Bob DiPiero and Al Anderson Ronnie Bowman and Chris Wallin

Click on either photo to see a larger version.

One of the highlights of the evening for me was hearing some great back stories about how songs get cut (put on albums). I know zero about how the music industry works behind the scenes, and it was all very interesting. All four of them are great showmen, and the banter between them was wonderful (much of it extremely funny).

One story (out of many) that struck me was Chris Wallin talking about a song he wrote. He explained that it was repeatedly put on hold, which is what happens when a band reserves the right to cut it, but hasn’t done that yet. During a hold, you can’t market the song to anyone else. In other words, you’re in limbo.

The song was released from hold a number of times, and put on hold (presumably) by another band. Finally, Trace Adkins did cut the song. Chris was (obviously) very happy. Unfortunately, the album never got released, so the fact that Trace cut the song, didn’t matter. Ouch!

After 3.5 years of this song kicking around, Toby Keith finally cut it and released it. It shot up to the number one country song on the charts. I believe that song was Love Me If You Can. There were a number of other great stories like this, including a very big hit for Al Anderson that didn’t get cut for eight years!!!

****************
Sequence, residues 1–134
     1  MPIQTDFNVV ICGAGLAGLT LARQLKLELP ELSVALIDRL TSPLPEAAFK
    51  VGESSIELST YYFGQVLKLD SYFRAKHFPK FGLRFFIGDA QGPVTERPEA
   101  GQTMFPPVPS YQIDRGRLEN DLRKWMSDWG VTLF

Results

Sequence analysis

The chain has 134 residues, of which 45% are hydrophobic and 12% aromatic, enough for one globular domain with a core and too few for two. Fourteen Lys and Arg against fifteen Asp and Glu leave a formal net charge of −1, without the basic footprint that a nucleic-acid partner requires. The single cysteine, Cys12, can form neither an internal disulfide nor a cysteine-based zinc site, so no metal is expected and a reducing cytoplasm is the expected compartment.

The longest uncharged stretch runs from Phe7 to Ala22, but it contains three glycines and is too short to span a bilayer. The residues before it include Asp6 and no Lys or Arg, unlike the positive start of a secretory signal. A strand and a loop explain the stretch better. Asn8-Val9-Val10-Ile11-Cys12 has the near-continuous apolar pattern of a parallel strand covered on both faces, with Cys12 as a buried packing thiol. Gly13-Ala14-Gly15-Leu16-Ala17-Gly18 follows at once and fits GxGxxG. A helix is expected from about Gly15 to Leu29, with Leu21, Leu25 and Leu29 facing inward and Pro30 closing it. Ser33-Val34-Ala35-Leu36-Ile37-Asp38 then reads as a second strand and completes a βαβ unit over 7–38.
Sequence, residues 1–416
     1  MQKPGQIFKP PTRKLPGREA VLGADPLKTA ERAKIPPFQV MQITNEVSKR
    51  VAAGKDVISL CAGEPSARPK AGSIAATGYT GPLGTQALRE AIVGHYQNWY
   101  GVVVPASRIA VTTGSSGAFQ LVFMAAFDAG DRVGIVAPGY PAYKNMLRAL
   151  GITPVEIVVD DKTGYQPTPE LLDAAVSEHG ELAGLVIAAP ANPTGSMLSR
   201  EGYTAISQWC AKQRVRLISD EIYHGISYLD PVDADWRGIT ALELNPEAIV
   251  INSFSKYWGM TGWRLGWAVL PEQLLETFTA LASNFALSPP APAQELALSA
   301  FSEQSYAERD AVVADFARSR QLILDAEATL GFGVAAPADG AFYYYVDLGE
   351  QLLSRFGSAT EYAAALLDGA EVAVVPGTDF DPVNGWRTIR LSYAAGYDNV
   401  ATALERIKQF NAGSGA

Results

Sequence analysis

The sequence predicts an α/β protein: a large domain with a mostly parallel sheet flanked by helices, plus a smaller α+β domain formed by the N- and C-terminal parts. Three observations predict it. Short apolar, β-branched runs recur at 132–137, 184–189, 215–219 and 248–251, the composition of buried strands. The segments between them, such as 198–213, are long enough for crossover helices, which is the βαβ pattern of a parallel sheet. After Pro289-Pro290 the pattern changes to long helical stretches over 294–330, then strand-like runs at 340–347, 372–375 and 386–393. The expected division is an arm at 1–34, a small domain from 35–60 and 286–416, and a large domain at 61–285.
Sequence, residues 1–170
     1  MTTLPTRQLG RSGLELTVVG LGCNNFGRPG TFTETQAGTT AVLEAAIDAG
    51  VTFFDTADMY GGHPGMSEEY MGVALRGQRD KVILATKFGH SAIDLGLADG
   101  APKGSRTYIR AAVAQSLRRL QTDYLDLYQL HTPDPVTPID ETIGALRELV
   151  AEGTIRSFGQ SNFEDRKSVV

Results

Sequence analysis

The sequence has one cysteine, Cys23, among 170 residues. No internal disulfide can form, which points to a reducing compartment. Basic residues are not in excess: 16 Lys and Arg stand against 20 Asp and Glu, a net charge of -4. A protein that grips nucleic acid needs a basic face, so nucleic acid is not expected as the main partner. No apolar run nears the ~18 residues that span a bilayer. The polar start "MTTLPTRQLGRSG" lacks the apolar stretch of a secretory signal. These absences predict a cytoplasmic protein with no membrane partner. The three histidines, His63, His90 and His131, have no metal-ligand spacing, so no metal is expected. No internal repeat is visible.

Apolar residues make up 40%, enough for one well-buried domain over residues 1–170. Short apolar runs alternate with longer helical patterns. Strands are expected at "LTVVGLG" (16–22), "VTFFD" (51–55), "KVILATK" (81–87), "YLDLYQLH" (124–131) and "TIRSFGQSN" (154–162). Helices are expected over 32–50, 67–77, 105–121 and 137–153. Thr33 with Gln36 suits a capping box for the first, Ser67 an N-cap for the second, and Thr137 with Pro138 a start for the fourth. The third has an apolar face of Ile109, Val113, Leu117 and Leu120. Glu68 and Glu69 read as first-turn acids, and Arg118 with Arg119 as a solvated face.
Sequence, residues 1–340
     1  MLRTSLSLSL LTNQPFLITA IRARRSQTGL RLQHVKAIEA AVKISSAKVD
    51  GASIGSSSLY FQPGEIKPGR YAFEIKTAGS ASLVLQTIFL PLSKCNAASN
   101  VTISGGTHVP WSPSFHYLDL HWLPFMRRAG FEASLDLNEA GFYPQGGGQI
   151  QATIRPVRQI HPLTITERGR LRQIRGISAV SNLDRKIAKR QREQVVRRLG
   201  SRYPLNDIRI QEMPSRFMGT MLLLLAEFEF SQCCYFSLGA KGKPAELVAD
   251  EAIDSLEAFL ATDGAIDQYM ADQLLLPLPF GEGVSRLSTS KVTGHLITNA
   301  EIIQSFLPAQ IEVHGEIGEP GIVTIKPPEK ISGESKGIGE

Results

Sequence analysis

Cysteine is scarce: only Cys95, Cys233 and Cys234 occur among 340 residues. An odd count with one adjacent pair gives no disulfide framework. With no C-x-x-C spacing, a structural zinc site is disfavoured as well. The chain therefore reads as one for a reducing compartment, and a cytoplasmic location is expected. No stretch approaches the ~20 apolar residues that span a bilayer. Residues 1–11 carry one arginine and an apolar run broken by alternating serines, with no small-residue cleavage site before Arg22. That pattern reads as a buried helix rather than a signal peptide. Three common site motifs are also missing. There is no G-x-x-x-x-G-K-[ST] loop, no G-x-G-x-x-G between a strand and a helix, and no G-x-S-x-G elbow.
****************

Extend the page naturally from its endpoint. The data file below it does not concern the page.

On to the performance itself. Of the four, only Ronnie Bowman (to me!) is good enough to be a full-time performer (mix of great voice, great guitarist, etc.). All four are fantastic songwriters, and good performers as well, but the other three don’t have the voices to pull off their own songs like the people who typically cut their songs. It was a great experience, to hear the songs as they were originally created, and we both loved the show completely.

Still, no one should mistake these performers for the people who ultimately make their songs famous. One specific example is Al Anderson’s Trip Around The Sun. I believe (but don’t quote me) that this was the song that took eight years to cut! It finally got recorded by Jimmy Buffet and Martina McBride. Al sang the song the last night. I enjoyed it, but since Al did it on his own, somehow, he didn’t sing quite like Martina sings her part. ๐Ÿ˜‰

Aside from the basic difference in the vocal capabilities of most of today’s stars, there is a production (and typically big band sound) to the more polished recordings of the songs we heard last night. Last night was about the magic of hearing the creator interpret the song, and get loving adoration from the crowd for it. It was about the raw emotion of the song, not the polished final production that makes it big enough to become familiar to millions of people.

Finally, Chris Wallin sang a song that he claims hasn’t been cut yet. It’s about living life backwards, From the Grave To The Cradle. Wow, another brilliant song. If someone doesn’t snap that up soon, they’re fools. ๐Ÿ™‚

Another great night out at Joe’s. At the end of the show, they announced that the next in the series is on January 16th, 2008, and it will highlight songwriters that have written songs for Rascal Flatts. Given that we’re going to see Rascal Flatts at Madison Square Garden two night later, we grabbed two tickets on our way out last night (and even saved the typical service charge that we pay when we order online). Cool!